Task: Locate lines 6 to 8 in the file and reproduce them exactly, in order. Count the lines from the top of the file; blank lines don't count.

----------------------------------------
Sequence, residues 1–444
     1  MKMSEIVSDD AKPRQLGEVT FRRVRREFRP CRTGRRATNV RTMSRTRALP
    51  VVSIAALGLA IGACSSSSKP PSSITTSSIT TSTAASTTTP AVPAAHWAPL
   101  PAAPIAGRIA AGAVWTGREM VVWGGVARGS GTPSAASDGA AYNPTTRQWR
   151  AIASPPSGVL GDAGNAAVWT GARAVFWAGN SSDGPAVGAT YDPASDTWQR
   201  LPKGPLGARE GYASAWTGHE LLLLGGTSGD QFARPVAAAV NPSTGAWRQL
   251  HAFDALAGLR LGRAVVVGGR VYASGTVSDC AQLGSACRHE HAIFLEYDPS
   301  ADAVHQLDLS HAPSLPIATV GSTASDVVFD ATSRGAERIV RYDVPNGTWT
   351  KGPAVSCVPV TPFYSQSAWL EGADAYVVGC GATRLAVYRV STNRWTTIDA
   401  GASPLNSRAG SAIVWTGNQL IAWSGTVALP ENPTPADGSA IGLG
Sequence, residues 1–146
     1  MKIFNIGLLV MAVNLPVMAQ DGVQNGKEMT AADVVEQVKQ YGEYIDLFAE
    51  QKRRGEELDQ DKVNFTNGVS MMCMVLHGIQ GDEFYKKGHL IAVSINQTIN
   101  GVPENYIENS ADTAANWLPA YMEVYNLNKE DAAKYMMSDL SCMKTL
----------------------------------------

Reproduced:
   201  LPKGPLGARE GYASAWTGHE LLLLGGTSGD QFARPVAAAV NPSTGAWRQL
   251  HAFDALAGLR LGRAVVVGGR VYASGTVSDC AQLGSACRHE HAIFLEYDPS
   301  ADAVHQLDLS HAPSLPIATV GSTASDVVFD ATSRGAERIV RYDVPNGTWT